On Our Minds
Working with so many organizations across multiple issue areas gives us a unique view into what’s happening in the social sector. This is where we share our insights and ruminations.
Before you accept that job offer, consider this…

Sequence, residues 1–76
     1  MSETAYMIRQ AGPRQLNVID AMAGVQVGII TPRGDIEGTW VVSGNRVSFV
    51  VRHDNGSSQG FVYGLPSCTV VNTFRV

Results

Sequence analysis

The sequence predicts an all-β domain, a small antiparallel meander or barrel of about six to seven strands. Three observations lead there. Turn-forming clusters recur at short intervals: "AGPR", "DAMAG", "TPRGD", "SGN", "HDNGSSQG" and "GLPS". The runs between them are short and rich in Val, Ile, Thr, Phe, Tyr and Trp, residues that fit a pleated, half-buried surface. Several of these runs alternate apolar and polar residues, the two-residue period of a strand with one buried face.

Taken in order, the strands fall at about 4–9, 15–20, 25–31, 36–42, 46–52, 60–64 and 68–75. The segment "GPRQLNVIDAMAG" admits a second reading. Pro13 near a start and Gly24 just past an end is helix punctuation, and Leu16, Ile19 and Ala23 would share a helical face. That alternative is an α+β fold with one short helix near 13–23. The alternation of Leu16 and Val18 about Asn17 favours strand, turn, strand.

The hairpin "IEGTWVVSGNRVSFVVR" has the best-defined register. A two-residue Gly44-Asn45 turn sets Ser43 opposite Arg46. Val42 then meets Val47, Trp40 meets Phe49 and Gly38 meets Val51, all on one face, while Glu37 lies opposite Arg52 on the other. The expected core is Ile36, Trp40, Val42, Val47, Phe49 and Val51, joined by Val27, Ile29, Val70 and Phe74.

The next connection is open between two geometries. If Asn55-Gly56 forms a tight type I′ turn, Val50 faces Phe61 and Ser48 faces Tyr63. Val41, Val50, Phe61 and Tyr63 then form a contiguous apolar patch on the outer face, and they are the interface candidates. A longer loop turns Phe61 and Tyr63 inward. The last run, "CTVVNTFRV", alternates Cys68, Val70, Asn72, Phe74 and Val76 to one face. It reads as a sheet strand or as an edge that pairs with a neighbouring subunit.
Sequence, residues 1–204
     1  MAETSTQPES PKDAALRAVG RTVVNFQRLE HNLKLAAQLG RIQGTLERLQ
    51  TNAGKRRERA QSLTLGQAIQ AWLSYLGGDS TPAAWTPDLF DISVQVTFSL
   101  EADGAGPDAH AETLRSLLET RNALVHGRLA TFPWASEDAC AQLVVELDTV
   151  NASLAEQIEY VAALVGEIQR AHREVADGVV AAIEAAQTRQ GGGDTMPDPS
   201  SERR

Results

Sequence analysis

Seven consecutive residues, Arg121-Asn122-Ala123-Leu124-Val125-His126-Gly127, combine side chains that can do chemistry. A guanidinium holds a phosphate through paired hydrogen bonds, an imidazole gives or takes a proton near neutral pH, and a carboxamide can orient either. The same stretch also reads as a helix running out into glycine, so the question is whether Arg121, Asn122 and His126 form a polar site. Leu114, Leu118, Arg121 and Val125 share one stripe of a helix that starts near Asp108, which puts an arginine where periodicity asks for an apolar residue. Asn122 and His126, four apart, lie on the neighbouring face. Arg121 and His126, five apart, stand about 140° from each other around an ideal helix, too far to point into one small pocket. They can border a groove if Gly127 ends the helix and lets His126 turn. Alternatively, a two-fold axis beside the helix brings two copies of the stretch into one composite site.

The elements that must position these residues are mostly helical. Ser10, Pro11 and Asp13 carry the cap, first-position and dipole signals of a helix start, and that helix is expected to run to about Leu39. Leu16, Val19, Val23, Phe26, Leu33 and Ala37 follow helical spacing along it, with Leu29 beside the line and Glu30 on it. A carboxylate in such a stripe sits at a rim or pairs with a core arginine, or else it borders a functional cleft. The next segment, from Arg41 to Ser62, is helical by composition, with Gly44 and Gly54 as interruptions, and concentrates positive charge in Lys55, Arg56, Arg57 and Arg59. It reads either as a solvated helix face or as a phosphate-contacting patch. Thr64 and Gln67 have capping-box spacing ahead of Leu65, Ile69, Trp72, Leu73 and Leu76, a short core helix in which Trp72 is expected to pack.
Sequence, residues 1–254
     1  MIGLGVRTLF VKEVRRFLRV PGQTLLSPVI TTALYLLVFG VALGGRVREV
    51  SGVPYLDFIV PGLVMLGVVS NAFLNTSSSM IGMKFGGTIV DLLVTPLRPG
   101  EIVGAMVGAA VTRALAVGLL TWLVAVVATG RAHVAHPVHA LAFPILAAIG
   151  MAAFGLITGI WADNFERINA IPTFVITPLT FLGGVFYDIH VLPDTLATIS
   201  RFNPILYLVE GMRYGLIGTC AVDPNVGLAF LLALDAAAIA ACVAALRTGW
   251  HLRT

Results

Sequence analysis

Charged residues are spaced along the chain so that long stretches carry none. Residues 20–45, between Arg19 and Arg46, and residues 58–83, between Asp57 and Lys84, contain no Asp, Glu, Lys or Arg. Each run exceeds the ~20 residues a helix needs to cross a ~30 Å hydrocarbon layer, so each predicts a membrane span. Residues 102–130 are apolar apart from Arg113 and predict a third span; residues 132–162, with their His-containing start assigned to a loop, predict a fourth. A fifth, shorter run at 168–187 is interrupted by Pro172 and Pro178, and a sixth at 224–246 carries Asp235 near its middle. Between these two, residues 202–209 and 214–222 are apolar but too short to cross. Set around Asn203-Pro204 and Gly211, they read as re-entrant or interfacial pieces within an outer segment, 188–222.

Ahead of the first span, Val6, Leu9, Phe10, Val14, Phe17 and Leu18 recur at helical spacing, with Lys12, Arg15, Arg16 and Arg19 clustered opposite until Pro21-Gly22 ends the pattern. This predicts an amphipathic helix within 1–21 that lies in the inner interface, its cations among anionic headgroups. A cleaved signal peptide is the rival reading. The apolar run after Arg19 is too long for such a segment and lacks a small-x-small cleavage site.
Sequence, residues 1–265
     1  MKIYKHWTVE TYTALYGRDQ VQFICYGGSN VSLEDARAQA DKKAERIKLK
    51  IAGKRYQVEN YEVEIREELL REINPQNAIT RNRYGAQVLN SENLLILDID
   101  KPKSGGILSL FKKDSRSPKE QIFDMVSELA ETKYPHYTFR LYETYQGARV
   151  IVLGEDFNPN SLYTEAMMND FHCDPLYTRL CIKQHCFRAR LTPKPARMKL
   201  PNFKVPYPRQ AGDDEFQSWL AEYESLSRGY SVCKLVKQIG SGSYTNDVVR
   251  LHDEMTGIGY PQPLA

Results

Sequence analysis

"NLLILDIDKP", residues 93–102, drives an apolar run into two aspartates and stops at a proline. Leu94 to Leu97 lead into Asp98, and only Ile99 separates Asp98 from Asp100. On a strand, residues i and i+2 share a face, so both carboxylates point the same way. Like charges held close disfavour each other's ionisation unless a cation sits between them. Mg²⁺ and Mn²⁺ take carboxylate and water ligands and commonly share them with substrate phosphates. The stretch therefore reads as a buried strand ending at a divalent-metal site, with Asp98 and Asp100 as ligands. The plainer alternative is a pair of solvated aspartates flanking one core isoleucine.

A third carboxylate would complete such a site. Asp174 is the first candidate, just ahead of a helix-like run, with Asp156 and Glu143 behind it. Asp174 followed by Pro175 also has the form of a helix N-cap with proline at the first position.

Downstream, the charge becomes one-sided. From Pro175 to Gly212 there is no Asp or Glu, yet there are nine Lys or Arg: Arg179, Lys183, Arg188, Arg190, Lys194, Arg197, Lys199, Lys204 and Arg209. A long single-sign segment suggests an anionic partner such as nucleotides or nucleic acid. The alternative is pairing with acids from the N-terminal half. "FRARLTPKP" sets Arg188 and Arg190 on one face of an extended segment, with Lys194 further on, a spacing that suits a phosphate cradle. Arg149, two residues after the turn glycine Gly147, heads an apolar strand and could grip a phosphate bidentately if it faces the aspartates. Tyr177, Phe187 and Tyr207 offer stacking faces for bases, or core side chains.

Job title, scope of responsibility, passion for the organization, compensation – these are all fine factors to consider when weighing a potential job opportunity. And of course you know that you should “like” your new boss, but is having a fantastic manager that important? Many candidates underestimate the importance of vetting their future managers before signing on the dotted line, and that can be a big mistake. So, why do managers matter? Your manager holds the keys to your professional growth. Your manager is the only person in your life who is expected to give you regular feedback and coaching. Until you’ve had an awesome manager, you may not understand the difference between “ok” coaching and “exceptional” coaching, but the gap is huge. Even the most self-aware person can benefit from another set of eyes and perspective on how to handle challenging situations, and those are the moments where professional growth happens. Additionally, managers often decide if and when you get to work on projects that will stretch your skill set. Great managers become great mentors. Career advice blogs are practically dripping with articles about how important it is to build your own “personal Board of Directors”. But – and this is the million dollar question – where do you find those people? You can use current and former managers as a “farm team” for that personal Board because they have direct experience observing your performance in a professional context. Don’t you want to make sure your future mentor has what it takes? Managers have a disproportionate impact on your overall happiness and health. We spend nearly 40% of our waking hours at work every week, so it makes sense that the effects of a bad boss would creep into the off-hours, too. Research has shown a link between bad bosses and elevated incidence of heart disease. Research also shows that a bad boss doesn’t just affect you – a bad boss can affect your whole family!